If you don’t already have a ventilation pipe in your tiny house, or there is no external wall, then ventless options remain your best choice. Ventless heaters are also great for improperly insulated rooms, and work well during the winter months to heat your house cheaply.
2) Safety features
Of course, safety is a major concern when it comes to space heaters. Manufacturers design heaters with advanced safety mechanisms, so look for a propane heater with features such as:
- Overheat protection: Overheat protection turns off the heater once its internal components reach an unsafe temperature, which prevents fires.
- Tip-over protection: Tip-over protection automatically shuts down the heater if it accidentally gets tipped over or knocked down.
- Cool-touch housing: Cool-touch housing prevents burns caused by accidentally touching the heater, since the casing remains cool even if the device radiates heat.
- Propane tank guard: A propane tank guard protects the propane tank from any debris, while decreasing the chances of getting burned.
- Oxygen depletion sensor (ODS): An ODS measures the oxygen and carbon monoxide levels in the room. They can also automatically switch off the heater when the oxygen levels are too low, the carbon monoxide levels too high, or when combustion isn’t happening efficiently.
Aside from buying a CSA-certified propane space heater with built-in safety features, keep yourself safe by following these tips:
- Make sure your tiny house has enough ventilation by cracking open a window when your heater is on.
- Install a carbon monoxide detector and make sure to check for gas leaks regularly.
- Run your heater only when it’s needed, and purchase one that automatically shuts off when it gets too hot.
- Place your heater on a surface level and keep it out of the way from foot traffic. Be sure to keep children and pets away from your heater.
- Purchase a model that has current safety mechanisms, even if they cost a little more. The safety and health of your family will rely on a high-quality propane heater.
3) Cost of propane
In September 2019, the US average price of propane was $2.78 per gallon. This is compared to the $3.53 price per gallon of kerosene in the same year. While kerosene used to be the cheaper option, propane is now the cleaner and more affordable fuel-choice for heaters.
Aside from the cheaper cost of propane, tiny house owners prefer it over kerosene for the following reasons:
- Kerosene has the tendency to leave an oil film on surfaces, while propane is a natural gas that burns cleanly.
- In tight living quarters, kerosene becomes extremely dangerous and should not be placed near electronic devices.
- Kerosene produces a strange smell that can be unpleasant inside a home.
4) Mounting location
The right location for propane wall heaters will make sure that they work safely and effectively. The propane tank needs to be set outside, so you will want to mount your heater as close to the tank as possible - this makes it easier to run the piping.
It’s also best to place your heater down low, since hot air rises. You can have a more consistent temperature since the heat can spread evenly throughout the room. If you’re planning to mount your ventless heater to the wall, make sure to check if there are vents in the back of the unit. You have to create a space between the unit and the wall, or else you may block air intake and heat flow.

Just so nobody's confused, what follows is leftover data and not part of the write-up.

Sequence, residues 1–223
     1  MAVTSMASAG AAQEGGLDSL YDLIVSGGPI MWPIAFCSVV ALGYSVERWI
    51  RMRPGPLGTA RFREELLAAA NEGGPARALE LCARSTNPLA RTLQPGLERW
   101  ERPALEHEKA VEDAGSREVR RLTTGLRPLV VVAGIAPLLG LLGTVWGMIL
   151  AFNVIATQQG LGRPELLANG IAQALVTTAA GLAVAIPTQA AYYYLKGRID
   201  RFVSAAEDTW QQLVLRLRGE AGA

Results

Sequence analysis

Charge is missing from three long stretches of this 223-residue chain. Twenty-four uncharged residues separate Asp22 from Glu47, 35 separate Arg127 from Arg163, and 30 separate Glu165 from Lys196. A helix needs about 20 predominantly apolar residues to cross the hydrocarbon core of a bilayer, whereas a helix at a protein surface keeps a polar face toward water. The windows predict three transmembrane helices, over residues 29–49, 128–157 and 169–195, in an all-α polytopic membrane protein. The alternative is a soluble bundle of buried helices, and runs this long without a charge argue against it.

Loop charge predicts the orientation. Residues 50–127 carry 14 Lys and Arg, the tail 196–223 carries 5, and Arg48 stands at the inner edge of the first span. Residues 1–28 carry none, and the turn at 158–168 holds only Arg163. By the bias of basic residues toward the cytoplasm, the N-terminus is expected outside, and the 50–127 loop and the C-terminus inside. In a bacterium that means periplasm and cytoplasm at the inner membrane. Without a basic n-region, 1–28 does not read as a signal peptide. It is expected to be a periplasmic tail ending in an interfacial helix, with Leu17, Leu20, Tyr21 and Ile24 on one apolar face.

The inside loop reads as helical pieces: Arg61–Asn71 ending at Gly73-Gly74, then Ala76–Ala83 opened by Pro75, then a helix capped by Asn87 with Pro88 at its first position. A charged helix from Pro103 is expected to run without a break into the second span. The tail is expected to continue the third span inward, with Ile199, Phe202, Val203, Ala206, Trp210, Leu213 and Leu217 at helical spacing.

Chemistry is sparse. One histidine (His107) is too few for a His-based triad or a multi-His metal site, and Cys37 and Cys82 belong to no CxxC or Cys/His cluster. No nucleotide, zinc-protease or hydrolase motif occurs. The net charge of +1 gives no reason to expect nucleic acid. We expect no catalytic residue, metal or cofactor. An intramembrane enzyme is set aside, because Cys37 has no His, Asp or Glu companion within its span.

5) Energy efficiency
Since propane heaters don’t emit exhaust, they are all rated 99.9% energy efficient. Most propane space heaters have a maximum of 30 000 BTUs, so they won’t give off enough warmth to heat a too-large space.
Find a heater suitable for the size of your space and your environment. If you live in a colder region, you would need to use a more powerful unit. You can also look for units with an adjustable thermostat, programmable timer, or low wattage to keep your propane gas bills from breaking the bank.
6) Noise level
Like many appliances, ventless propane heaters also emit some noise when turned on. Some models may produce more sound than others, however, so it’s important to choose one that produces a low noise level. Some powerful heaters will produce higher noise decibels, but these usually remain in the 20-40 dB levels. To get a good idea of how loud these noise levels are, check out this breakdown:
- 0 dB - lowest threshold of human hearing
- 3 dB - barely perceptible by the human ear
- 20-40 dB - sound equivalent of sitting in a theatre, library, or recording studio
- 50-60 dB - sound equivalent of a running dishwasher in the next room
- 70-80 dB - sound equivalent of a vacuum cleaner from a distance
- 90-100 dB - sound equivalent of a blender or lawn mower
- 110 dB - sound equivalent of being at a rock concert
If you’re hearing loud popping noises from your heater, make sure to have it checked by a professional. It could mean that your gas supply line has dirt, moisture, or an insufficient supply of gas.
Hey, there! We're Ivan and Manuela from Croatia, and we're crazy about tiny houses. We don't own one (yet).
This website is a result of our passion to share all the knowledge, photos, tips and tricks that we were able to learn while studying everything possible about the tiny house movement.